"Conrad Schneiker" <schneiker / jump.net> writes:

> I think this is unfortunate, because newsgroups (over time) can help greatly
> increase the number of prospective users for emerging languages beyond the
> comparatively much smaller group of hard core fans. In this part of the
> world anyway, it seems to be generally much easier to get friends and
> coworkers to look at newsgroups than to sign up for mail lists, and it
> likewise seems generally easier to get approval to use things that have
> their own newsgroups. These are all very important factors if you want Ruby
> to ever attract and develop the resources to produce even a fraction of the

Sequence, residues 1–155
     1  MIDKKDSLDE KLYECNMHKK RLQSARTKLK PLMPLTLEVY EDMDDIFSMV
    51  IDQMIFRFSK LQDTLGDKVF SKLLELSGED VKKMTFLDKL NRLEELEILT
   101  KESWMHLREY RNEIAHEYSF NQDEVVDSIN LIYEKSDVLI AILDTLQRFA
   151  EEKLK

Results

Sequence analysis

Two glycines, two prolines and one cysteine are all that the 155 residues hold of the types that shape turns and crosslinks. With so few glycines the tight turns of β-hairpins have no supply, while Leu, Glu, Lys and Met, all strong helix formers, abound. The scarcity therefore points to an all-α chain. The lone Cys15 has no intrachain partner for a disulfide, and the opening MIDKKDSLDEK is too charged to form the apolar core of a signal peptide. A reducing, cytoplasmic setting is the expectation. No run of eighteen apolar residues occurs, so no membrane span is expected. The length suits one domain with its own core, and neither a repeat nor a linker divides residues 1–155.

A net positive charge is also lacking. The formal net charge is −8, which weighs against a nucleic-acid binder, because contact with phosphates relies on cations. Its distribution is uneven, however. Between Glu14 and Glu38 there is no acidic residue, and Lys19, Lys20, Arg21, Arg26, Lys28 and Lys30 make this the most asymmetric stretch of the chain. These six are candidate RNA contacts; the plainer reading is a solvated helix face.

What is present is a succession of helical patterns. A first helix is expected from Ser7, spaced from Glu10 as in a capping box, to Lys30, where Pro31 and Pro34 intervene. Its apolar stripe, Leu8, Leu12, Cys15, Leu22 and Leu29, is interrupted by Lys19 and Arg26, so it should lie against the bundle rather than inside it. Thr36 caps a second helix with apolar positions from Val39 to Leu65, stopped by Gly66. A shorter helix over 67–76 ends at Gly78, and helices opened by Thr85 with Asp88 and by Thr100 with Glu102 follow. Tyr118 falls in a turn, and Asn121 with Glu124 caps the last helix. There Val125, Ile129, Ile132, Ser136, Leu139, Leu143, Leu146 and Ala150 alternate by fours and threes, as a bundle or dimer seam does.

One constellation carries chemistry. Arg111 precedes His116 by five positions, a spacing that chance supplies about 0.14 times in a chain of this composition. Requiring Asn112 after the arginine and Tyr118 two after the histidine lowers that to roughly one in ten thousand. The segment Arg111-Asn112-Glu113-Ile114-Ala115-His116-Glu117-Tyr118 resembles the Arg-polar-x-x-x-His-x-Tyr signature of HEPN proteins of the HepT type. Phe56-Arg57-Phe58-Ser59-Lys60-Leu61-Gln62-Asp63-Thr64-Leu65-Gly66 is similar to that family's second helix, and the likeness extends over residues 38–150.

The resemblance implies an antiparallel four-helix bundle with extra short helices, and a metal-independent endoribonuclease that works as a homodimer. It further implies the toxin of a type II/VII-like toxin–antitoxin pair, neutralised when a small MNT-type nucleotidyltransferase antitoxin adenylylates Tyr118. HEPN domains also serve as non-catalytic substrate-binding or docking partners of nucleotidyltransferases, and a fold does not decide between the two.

> number, quality, and range of modules and documentation that have made Perl
> so popular and productive.

I think there are two separate issues here:

1. Getting comp.lang.ruby agreed.

2. Providing people with a means of exchanging information
   effectively.

Conrad is right, in that there is a cachet and a certain amount of
practicality in getting a newsgroup going. It will help us reach a far 
wider audience, particularly among the lurkers--people who will
monitor a newsgroup, but who wouldn't give their e-mail address away
to a  mailing list.

But... many people will prefer the mailing-list to newsgroups. Some
cannot access Usenet from work. Some prefer the immediacy of
e-mail. Whatever the reason, we need to cater for them.

So, why don't we agree now that we will establish a bi-directional
gateway between this list and the newsgroup. For a while, I belongs to
comp.sys.stratus, which does this. It worked out well.

(Now, does anyone have any idea _how_ we do this?? ;-)

Regards


Dave